Post–White House, Joe Biden plays Dr. Watson to Sherlockian sleuth Barack Obama in Shaffer’s Hope Never Dies (Quirk, July).
What inspired you to turn President Obama and Vice President Biden into detectives?
The idea for a Joe Biden mystery had been percolating in my head ever since the first picture of him in aviators popped up online. I thought, this guy could be a modern-day Don Quixote. Originally, I had Biden blundering his way through secret missions around the world. It felt too goofy, so I shelved it. When the Obama/Biden bromance memes blew up, I returned to the idea and pitched the book that became Hope Never Dies to my agent.
Have you run the idea by Biden?
I met Joe Biden on his American Promise Tour this past December at a meet-and-greet for Biden Foundation donors. I had planned to mention the book to Biden then, but the person who was in line ahead of me told him an incredibly moving, personal story. Everyone within earshot was on the verge of tears. When Biden greeted me, the last thing on my mind was pitching my book to him.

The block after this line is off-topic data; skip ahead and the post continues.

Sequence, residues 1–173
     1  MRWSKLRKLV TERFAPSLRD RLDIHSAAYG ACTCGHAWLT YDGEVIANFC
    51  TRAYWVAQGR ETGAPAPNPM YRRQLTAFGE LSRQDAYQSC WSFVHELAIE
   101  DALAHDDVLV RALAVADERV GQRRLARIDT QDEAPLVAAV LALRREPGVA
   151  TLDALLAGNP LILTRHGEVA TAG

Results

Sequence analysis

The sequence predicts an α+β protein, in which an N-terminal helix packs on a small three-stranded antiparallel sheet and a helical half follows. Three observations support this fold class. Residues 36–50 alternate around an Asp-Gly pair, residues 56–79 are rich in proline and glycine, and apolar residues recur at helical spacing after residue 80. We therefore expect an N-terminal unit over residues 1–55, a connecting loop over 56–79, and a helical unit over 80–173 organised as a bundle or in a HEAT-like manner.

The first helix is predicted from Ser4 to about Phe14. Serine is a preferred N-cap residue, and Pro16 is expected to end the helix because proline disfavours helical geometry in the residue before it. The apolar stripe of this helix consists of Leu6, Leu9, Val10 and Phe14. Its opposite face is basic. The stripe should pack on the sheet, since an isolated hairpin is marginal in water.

Is it easier to write a fictionalized version of political figures you admire or those you don’t?
The difficult part of writing about someone you don’t admire is that it’s easy to demonize them. What you get then is a cackling villain, twirling their mustache at every dastardly deed they commit. That’s not good writing. It was a struggle to humanize Donald Trump, who was the antagonist in my satirical thriller The Day of the Donald. Of course, I heard from some readers who thought I made Trump too likable. For this book, it was hard to nail the tone. At first, it was too campy. My editor helped steer it in a different, slightly more realistic direction. Though the action is over the top at times, the focus is really on the characters.
The picture you present of their friendship is one that many admirers of theirs would hope is accurate.
I’ve read every behind-the-scenes book on the Obama White House, and the consensus seems to be that nobody knows what their friendship is like behind closed doors. There’s this writing advice that gets thrown around—“Write the book you want to read.” I wrote the book about their bromance that I wanted to read.